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Posts Tagged ‘John Leonard’

New John Leonard Award for an Author’s First Book

The National Book Critics Circle (NBCC) has created the John Leonard Award, a literary prize celebrating one author’s first book–named after the late critic and NBCC founding member, John Leonard.

The first winner will be revealed at the NBCC’s 2014 awards ceremony. One author will be selected from a broad range of genres: fiction, nonfiction, biography, criticism, poetry, and autobiography. Here’s more about the award:

In naming the award, which will be selected directly by a vote of the NBCC’s nearly 500 members nationwide, the National Book Critics Circle honors the legacy of critic John Leonard, a former editor of the New York Times Book Review. A founding member of the NBCC, Leonard (1939–2008) is remembered not only for his voracious and enthusiastic criticism of books, film, and television but also for his life-long encouragement of younger critics and his unwavering attention to debut writers. One of the first American critics to write on Toni Morrison, Maxine Hong Kingston and Gabriel Garcia Marquez, Leonard shared his enthusiasms with a wide reading audience in a host of newspapers and magazines including New York, the Nation and Harper’s.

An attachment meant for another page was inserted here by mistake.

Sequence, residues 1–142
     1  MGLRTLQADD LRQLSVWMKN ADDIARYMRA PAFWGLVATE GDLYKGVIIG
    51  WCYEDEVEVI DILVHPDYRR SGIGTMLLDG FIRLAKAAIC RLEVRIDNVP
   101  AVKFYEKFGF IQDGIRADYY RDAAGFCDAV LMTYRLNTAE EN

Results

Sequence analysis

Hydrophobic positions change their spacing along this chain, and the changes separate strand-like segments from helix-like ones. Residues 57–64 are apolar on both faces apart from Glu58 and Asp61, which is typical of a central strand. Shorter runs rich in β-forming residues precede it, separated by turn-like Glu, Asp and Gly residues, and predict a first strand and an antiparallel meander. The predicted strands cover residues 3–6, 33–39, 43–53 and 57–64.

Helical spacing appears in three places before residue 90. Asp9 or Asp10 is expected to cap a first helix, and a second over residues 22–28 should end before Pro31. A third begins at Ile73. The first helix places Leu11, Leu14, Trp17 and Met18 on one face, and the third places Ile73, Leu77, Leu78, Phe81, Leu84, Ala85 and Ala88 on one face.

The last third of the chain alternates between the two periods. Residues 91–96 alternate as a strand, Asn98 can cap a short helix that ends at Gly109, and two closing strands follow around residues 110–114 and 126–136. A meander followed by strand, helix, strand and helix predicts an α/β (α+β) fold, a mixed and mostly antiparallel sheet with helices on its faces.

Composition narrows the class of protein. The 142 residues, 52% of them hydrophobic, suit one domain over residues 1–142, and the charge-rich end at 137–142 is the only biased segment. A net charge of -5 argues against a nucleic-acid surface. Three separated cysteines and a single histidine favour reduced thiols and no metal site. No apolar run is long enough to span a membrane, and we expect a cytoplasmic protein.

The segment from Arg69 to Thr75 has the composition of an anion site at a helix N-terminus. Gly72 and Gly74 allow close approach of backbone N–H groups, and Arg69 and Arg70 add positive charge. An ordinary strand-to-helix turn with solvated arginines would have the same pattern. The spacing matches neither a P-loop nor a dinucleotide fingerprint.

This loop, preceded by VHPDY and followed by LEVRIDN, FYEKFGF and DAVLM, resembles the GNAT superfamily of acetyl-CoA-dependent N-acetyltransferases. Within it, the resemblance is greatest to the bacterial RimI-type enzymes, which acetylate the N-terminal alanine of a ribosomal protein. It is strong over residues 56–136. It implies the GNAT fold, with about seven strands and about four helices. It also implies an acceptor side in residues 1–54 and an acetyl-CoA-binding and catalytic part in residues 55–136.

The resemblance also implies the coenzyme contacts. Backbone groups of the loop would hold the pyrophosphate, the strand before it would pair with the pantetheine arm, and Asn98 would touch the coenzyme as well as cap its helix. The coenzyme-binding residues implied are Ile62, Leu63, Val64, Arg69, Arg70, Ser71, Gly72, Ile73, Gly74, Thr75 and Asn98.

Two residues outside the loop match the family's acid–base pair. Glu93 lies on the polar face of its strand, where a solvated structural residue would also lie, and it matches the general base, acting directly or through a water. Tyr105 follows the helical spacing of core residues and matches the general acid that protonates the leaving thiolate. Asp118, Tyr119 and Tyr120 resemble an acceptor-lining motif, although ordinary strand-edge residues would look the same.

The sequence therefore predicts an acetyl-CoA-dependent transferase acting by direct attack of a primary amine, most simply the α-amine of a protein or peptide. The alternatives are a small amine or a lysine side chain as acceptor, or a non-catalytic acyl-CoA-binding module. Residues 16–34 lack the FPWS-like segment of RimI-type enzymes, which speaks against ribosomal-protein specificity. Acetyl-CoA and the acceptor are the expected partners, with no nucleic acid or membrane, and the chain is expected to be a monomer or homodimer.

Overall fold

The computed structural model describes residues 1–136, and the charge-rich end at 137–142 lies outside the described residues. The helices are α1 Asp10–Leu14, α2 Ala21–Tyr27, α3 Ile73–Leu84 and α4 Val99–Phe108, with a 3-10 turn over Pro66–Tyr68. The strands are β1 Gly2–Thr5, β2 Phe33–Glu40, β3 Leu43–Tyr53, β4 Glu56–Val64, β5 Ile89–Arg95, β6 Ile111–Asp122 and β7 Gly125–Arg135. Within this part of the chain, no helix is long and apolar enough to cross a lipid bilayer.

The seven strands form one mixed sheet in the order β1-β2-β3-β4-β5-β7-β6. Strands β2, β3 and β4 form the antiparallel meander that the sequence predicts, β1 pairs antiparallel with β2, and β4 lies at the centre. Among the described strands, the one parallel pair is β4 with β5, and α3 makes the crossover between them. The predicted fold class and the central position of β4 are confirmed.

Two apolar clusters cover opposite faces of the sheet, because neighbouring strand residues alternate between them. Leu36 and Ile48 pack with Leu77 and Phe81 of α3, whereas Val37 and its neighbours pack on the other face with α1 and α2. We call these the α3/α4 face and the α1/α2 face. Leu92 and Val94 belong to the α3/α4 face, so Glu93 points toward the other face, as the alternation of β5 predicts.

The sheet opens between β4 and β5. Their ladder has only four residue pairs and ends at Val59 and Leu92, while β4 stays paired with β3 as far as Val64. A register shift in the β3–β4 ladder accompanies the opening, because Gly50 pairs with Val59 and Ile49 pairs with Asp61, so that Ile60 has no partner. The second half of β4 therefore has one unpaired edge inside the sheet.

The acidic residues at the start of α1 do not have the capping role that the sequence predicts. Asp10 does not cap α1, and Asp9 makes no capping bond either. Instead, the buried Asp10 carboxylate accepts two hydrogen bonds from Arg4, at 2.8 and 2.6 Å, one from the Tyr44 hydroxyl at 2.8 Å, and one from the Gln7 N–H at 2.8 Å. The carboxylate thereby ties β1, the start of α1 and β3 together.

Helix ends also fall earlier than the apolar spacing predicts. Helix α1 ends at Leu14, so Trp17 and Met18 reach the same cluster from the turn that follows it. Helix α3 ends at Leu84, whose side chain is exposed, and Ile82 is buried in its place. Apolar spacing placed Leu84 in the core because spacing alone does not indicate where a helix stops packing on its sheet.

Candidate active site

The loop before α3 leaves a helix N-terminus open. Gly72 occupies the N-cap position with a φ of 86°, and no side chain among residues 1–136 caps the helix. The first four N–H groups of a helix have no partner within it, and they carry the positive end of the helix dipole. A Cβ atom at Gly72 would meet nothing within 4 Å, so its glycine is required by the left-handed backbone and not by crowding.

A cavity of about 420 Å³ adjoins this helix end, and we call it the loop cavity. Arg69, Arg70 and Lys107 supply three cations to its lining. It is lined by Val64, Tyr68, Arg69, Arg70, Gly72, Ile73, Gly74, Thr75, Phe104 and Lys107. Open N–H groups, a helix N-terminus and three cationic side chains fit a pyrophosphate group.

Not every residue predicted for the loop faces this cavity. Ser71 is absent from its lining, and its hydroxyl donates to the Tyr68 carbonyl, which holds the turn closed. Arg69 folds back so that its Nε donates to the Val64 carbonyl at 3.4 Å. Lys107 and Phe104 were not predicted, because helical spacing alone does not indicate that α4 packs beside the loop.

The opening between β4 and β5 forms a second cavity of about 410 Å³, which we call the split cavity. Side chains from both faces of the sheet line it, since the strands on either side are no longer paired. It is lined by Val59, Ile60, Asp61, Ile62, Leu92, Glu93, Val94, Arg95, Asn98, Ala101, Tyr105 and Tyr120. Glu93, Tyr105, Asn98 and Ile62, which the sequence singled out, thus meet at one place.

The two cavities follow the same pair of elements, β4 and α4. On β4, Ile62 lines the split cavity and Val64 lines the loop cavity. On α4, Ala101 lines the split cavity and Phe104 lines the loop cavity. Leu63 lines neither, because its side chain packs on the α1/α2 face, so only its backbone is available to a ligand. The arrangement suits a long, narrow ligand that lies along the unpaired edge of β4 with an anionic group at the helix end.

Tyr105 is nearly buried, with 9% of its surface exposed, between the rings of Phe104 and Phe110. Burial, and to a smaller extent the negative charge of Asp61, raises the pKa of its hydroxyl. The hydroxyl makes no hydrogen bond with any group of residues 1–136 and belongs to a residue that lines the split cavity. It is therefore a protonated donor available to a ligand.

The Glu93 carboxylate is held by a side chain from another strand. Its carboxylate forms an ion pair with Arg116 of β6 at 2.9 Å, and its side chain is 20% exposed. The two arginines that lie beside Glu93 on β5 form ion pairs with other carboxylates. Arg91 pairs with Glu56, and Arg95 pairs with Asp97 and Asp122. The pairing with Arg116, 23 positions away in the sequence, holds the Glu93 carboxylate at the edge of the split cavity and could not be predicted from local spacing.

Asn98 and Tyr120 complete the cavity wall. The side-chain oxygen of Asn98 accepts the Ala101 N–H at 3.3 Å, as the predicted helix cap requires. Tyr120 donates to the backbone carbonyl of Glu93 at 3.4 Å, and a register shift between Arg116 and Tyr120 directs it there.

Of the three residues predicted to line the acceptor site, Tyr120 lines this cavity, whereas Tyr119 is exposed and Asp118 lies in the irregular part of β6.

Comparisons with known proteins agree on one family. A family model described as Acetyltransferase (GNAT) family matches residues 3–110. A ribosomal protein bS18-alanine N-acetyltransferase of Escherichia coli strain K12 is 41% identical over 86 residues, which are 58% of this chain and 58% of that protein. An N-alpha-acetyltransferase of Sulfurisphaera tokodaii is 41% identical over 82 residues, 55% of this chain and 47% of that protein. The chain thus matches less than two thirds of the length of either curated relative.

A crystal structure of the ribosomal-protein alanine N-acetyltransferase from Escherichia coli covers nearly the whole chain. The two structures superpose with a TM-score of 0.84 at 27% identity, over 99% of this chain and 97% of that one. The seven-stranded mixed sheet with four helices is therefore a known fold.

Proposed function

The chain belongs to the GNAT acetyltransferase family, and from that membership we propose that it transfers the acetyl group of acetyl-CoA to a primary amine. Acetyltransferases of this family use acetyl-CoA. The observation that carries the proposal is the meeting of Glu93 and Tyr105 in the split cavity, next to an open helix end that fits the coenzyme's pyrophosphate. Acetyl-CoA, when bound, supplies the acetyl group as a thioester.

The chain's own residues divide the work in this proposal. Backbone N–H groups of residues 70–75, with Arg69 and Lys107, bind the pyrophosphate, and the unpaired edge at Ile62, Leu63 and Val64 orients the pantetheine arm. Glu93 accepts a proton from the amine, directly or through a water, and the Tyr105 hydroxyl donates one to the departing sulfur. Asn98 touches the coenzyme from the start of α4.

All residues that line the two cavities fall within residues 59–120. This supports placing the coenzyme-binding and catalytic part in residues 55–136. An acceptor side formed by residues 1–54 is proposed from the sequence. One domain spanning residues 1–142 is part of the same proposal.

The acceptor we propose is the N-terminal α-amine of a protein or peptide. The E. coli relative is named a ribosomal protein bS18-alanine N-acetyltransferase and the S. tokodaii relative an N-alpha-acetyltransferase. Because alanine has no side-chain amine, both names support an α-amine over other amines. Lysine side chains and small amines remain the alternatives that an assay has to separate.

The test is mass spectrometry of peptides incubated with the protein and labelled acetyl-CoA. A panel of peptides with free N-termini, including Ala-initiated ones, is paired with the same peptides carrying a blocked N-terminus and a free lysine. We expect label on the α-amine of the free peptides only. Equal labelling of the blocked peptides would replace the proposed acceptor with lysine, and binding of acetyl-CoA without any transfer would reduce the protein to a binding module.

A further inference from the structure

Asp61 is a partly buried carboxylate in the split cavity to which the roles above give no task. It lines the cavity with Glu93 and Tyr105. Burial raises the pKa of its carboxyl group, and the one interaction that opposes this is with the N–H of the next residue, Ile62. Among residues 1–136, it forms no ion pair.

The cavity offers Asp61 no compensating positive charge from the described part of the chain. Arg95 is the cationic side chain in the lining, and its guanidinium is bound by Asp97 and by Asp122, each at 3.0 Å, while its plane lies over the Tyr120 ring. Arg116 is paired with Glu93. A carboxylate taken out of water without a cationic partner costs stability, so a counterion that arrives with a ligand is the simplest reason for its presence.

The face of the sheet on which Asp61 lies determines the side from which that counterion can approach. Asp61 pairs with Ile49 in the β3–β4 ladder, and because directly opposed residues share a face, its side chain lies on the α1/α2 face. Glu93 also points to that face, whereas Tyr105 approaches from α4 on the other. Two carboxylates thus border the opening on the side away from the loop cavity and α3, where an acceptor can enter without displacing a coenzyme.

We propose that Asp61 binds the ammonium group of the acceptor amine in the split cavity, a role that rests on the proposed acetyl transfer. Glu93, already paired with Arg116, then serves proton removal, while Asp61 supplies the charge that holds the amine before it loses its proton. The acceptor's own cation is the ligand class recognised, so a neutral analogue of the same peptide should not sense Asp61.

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BEA Day Two: Ethics in Book Reviewing

Immediately after moderating the blog panel, Bud Parr took out his video camera and taped the panel proceedings, which he’s edited into the above highlight show. And considering the star wattage assembled for the panel, highlights abounded.

Moderator and Philly Inquirer book critic Carlin Romano began by rattling off all 37 questions asked as part of the National Book Critics Circle‘s revised survey on book reviewing ethics, commenting with tongue in cheek that the only question all 356 responders agreed on was that they were NBCC members. Then each panelist spoke for about five minutes or so on the nature of ethics and starting with Christopher Hitchens, the consensus was that if it’s not okay to review a friend’s work, it shouldn’t necessarily be taboo, either. “Who knows a writer’s body of work better,” said former NYTBR editor John Leonard of what he termed a “friend of a mind”, adding that such questions are “small potatoes compared to the corruption of a culture at large.”

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When a Literary Event Hits A Bit Too Close

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Photo credit: Leslie Shipman, the National Book Foundation

If you were in the audience at the Morgan Library yesterday evening and noticed an almost unshakable, unstoppable gale of laughter, well, that was me. I knew that any event featuring National Book Award winner Richard Powers (above, with your humble GalleyCat correspondent) and literary critic John Leonard would be amazing stuff, and the informal conversation comprising the second half of the evening was chock full of observations about the state of criticism, blogging’s place in the literary world, cognitive dissonance, Kurt Vonnegut‘s death, the need for endings and narrative and when the questions went to the audience, why Powers’s piece on using voice recognition software to write his novels has garnered him the most responses of anything he’s written.